Different Camera Lens Options

Michele Wanke
One of the differences in camera lenses is price.

Understanding the differences in camera lenses will help you take better pictures.

About Camera Lenses

If you own a SLR camera, you have the luxury of interchanging lenses. A single camera body, regardless of whether it's film or digital, is able to accommodate a variety of different lenses, from an 8mm fisheye lens to a 500mm telephoto lens.

Different lenses yield different results. Camera lenses are not created equally--in price, size or function. Consequently, it is critical that you learn the differences in camera lenses before draining your wallet on a lens that doesn't fit your shooting style.

Some factors to consider before settling on a single camera lens include:

  • Length
  • Weight
  • Durability
  • Ease of use
  • Filter accommodation
  • Size of markings for aperture settings, focus distance, etc.
  • Rotation elements (Do you prefer a push or pull zoom lens?)

Tips to Understand the Differences in Camera Lenses

Understanding the differences in camera lenses allows you more control over your shots. Choosing the right lens for a particular shoot, be it a sporting event, a wedding or a fashion show, can be a challenge if you are not familiar with lens concepts and options.The following information on camera lenses will help you choose the best camera lenses for your photography style:

Wide-Angle Lens

When it comes to shopping for a wide-angle lens, you need to know about focal length. The focal length of a lens determines how much your subject will be magnified. Wide-angle lenses have small focal lengths, while telephoto lenses have larger focal lengths. If you are shooting with a wide-angle lens, your image will have a small amount of magnification and the widest angle of view. This makes far-away objects appear relatively small. Focal length is identified by a measurement such as 50mm or 180mm. Some common wide-angle lenses are 20mm, 24mm, 28mm, and 35mm. These lenses are able to provide a relatively large depth-of-field and are best employed when shooting landscapes, as they capture large portions of scenery.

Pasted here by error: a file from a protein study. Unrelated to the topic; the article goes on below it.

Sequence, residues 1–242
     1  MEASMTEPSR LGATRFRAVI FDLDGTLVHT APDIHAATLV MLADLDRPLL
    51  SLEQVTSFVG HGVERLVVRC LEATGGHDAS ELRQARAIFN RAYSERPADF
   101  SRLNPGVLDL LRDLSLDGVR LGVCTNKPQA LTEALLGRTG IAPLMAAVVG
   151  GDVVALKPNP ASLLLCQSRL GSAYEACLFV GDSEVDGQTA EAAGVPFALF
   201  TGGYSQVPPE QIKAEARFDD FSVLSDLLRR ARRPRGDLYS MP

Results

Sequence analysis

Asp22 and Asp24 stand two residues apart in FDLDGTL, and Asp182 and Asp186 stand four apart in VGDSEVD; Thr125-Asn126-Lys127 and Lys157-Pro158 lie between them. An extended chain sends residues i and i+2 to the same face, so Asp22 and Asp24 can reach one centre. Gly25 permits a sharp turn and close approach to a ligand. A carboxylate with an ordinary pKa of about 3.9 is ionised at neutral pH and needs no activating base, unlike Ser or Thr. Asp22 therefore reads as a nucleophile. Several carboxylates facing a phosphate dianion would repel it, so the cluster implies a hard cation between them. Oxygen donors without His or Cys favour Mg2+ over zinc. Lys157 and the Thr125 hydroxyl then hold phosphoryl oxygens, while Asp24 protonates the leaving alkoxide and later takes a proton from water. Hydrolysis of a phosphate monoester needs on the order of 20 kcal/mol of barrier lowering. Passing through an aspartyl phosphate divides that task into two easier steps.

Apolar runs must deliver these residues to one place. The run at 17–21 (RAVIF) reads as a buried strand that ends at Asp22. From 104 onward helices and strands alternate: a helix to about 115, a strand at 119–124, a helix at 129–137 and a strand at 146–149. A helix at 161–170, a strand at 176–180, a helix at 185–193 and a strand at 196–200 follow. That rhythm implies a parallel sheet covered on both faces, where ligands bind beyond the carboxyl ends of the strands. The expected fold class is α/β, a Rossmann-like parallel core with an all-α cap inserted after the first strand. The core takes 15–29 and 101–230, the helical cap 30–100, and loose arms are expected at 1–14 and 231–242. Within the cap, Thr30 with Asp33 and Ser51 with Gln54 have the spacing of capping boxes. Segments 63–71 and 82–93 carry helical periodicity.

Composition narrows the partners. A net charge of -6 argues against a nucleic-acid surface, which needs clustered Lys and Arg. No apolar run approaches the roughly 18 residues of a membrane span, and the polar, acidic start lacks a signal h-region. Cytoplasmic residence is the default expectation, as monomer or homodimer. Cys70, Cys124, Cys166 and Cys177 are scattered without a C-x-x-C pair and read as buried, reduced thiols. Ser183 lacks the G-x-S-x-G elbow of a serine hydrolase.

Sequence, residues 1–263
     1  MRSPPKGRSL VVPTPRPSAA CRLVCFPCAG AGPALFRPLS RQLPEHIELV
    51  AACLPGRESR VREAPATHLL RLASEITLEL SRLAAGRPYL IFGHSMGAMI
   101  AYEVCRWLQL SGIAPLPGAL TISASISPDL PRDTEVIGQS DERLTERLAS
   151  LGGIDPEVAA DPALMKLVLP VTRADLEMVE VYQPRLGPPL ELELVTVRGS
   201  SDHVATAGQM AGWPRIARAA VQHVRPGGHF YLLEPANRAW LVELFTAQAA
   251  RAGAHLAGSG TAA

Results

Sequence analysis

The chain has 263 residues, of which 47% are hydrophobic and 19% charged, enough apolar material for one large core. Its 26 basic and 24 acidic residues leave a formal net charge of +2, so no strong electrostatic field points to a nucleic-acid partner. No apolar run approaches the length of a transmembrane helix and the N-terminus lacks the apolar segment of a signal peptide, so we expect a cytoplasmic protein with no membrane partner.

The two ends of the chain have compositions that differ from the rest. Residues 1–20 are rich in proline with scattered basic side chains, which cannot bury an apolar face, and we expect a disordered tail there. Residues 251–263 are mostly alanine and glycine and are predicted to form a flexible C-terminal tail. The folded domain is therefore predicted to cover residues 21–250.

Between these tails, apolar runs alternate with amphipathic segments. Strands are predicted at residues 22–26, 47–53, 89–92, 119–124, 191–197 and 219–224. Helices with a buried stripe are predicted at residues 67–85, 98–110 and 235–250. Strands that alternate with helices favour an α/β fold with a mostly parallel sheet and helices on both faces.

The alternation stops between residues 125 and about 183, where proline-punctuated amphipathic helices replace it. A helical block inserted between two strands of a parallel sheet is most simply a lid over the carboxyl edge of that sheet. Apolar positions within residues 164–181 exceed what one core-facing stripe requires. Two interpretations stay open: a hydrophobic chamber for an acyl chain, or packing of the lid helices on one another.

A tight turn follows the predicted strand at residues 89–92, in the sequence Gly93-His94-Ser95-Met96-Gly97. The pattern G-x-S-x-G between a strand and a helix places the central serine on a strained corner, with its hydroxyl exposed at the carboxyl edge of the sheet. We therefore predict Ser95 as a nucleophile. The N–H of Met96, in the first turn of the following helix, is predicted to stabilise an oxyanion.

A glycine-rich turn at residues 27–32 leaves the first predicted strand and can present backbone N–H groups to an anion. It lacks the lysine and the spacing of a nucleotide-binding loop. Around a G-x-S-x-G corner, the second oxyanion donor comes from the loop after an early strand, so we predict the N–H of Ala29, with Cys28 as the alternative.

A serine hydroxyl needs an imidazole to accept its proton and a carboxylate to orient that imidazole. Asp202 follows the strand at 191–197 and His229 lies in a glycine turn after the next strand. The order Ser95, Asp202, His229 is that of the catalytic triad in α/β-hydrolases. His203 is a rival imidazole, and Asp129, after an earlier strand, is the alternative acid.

Telephoto Lens

Telephoto lenses range from 80mm to 800mm and are most often used by photographers whose subjects are located a great distance away. The role of the telephoto lens is to magnify the subject without the photographer having to move closer. Telephoto lenses are best used when shooting sporting events or animals in their natural habitats. The downside to using a telephoto lens is that it is more susceptible to camera shake. Even the smallest hand movements can negatively affect a shot. To avoid taking blurry pictures with a telephoto lens, consider attaching your camera to a tripod to minimize shake.

Zoom Lens

A zoom lens allows photographers to vary the focal length within a pre-defined range, such as 35-70mm. This is a plus for photographers who cannot afford to purchase a litany of individual lenses covering the same range. In addition to being able to achieve a variety of focal lengths, zoom lenses are incredibly popular because they are easy to use. Some zoom lenses are automatic, while others can be easily manipulated with a simple push or pull. Another advantage of owning a zoom lens is that it is multi-functional. It helps enhance a variety of photo shoots, from photojournalism to pin-up photography.

Prime Lens

A prime lens is a fixed focal length lens and has been around a lot longer than the zoom lens. Still, despite its age, the prime lens offers many advantages, including optical quality. Other benefits of having a prime lens are:

  • Low cost
  • Lightweight
  • Durable
  • High resolution even in large prints
  • Small size and enhanced portability

In addition, a prime lens offers better light-gathering ability than most zoom lenses. This is particularly advantageous to photographers shooting in low-light situations, such as concerts, fashion shows and night sporting events.

Different Camera Lens Options